Me: Okay, I’m now logged on.
Me: On the Rubicon system.
Mel: Oh, you signed up.
Me: Yeah, I clicked on the button you told me to click and signed up.
Mel: Wait, did you sign up before?
Mel: Are you sure?
Me: Yes. I filled out a lead form, but I never signed up.
Mel: But I’m showing an account for your name.
Me: I never signed up before now.
Mel: Well you must of, because I see an account for you.
Me: I just signed up now. I never signed up before.
Mel: Oh, you know what? This is the account you just singed up for.
Mel: Usually are system is really slow.
The entire conversation moved like that. For some reason, he kept insisting on telling me what CPM meant. What level of publishers are they talking to that doesn’t know what CPM means? Even after telling him that I was the CEO of USWeb and been doing this for over 10 years, he just kept telling me what our industry acronyms mean. That in itself wasn’t horrible, except that it started to seem like this was new info for him. He also started the conversation by trying to “explain” to me that AdManager and AdSense are two different products! Nothing is worse than someone stating the obvious to you in a condescending tone.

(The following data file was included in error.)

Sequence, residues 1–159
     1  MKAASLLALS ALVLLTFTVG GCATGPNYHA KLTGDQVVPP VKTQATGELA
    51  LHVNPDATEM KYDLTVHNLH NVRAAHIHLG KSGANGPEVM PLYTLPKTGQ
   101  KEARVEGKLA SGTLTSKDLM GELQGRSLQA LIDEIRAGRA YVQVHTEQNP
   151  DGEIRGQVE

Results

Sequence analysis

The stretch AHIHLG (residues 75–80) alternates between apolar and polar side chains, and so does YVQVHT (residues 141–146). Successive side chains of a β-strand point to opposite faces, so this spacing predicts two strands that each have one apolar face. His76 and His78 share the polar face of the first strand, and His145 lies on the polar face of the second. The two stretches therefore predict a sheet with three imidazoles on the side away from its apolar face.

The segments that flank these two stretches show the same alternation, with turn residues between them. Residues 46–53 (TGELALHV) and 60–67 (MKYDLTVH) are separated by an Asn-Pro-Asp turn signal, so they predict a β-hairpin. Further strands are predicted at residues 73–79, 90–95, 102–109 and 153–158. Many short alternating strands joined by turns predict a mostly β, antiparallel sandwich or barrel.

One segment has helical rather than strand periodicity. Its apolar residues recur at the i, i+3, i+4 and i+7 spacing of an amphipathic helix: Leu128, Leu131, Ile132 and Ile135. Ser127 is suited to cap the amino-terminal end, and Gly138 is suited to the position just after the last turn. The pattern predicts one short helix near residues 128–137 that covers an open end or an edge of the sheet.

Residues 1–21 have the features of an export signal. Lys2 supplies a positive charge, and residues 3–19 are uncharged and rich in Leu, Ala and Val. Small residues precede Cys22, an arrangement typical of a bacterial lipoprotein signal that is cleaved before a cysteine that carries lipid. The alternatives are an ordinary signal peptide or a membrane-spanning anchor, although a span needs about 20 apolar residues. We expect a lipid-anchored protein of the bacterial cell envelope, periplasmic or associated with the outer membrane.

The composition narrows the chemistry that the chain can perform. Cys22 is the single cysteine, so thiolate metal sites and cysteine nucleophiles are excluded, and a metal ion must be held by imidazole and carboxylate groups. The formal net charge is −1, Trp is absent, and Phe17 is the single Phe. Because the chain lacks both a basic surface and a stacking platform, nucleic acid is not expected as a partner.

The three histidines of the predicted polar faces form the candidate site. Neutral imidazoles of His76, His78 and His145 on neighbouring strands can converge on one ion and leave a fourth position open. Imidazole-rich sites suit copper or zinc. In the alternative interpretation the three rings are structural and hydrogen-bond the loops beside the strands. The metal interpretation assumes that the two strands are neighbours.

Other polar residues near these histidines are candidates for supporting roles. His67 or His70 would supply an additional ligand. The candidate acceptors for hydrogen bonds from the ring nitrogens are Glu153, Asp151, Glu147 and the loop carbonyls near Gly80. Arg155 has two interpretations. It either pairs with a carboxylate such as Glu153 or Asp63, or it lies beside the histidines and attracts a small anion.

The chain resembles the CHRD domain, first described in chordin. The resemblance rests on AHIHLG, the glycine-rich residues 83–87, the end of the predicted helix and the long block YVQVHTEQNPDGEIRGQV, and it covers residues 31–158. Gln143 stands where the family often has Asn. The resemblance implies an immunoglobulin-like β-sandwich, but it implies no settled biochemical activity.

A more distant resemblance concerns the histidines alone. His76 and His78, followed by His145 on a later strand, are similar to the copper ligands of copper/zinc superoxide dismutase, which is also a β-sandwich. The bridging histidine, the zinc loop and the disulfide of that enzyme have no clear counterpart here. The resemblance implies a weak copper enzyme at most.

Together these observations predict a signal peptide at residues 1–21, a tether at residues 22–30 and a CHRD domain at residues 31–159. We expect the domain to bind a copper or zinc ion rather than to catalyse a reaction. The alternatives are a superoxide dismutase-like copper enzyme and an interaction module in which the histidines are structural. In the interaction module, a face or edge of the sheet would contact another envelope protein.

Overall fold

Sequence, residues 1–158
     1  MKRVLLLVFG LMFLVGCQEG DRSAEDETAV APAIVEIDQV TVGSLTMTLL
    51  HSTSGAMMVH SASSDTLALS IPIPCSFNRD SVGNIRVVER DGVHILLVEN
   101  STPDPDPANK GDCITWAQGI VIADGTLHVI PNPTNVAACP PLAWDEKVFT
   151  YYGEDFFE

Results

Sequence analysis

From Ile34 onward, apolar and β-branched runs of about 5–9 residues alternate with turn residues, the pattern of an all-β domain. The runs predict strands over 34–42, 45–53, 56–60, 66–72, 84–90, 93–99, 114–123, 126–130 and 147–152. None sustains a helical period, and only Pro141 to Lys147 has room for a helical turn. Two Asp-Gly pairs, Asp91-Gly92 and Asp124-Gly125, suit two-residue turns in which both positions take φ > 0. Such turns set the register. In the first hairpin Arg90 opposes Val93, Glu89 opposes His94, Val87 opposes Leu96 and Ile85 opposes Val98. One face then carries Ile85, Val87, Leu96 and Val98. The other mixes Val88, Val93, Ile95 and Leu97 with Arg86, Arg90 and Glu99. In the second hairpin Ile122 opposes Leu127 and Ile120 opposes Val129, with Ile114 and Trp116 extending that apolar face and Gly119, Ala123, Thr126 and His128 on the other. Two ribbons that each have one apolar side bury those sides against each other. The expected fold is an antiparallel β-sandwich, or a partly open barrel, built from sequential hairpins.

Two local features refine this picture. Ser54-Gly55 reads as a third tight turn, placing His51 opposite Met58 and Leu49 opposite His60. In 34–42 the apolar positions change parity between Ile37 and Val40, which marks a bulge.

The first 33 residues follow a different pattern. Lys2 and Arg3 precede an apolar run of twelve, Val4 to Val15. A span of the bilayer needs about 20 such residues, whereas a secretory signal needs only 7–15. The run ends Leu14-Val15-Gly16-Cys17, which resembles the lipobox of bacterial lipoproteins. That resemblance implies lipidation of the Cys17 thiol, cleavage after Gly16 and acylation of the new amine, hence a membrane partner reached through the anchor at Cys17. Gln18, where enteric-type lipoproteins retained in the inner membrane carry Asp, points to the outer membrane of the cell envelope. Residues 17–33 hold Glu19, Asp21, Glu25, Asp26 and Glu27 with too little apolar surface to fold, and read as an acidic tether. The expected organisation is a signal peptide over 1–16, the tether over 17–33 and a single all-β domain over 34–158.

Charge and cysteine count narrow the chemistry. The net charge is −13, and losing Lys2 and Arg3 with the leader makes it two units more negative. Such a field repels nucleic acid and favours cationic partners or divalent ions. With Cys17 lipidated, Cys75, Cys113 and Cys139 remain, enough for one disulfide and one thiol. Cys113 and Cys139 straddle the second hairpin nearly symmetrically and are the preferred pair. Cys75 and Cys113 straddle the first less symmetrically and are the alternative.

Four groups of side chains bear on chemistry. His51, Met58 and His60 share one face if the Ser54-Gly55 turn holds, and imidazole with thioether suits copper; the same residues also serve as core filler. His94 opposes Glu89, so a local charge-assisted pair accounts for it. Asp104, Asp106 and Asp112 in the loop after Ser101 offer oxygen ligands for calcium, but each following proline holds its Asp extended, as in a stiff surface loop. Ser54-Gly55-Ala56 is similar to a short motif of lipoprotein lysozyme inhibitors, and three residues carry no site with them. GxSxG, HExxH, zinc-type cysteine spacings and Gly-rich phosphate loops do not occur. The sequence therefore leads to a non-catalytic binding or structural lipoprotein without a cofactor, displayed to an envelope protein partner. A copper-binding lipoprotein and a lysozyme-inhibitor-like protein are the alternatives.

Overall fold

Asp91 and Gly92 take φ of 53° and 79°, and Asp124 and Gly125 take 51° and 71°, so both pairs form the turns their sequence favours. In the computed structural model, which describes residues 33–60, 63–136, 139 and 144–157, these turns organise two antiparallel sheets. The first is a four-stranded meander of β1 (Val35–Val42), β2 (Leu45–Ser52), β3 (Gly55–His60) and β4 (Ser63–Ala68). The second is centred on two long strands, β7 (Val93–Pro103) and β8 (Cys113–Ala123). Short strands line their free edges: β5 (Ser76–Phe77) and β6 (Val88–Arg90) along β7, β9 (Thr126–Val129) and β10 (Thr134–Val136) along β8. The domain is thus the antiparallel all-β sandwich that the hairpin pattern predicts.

As far as their product goes, I don’t know what to make of it so far. From afar, Rubicon Project looks great. But then there are the little details that seem out of place. For example, according to Mel, since I already run AdSense on my site, they want to take 15% of my AdSense revenue. I asked him why I would pay for a relationship I already have, through my own ad server. He rambled off some info on his business that never actually explained why I would pay 15% of my AdSense revenue.
Then we went into the CPM. I told him I was currently seeing a total page CPM of around $5.25. He immediately said they couldn’t top that because my site was a medical niche. I told him my site was not a medical website, and he referenced one of the articles on my website that dealt with the history of nursing. I guess to Mel, if you write an article about the people being sick on a cruise liner, you’re a maritime website. I tried explaining what my site was about, but he cut me off by saying it doesn’t matter, because it’s still niche. At this point I would like everyone to look up at my navigation and take a look at how “niche” my site is.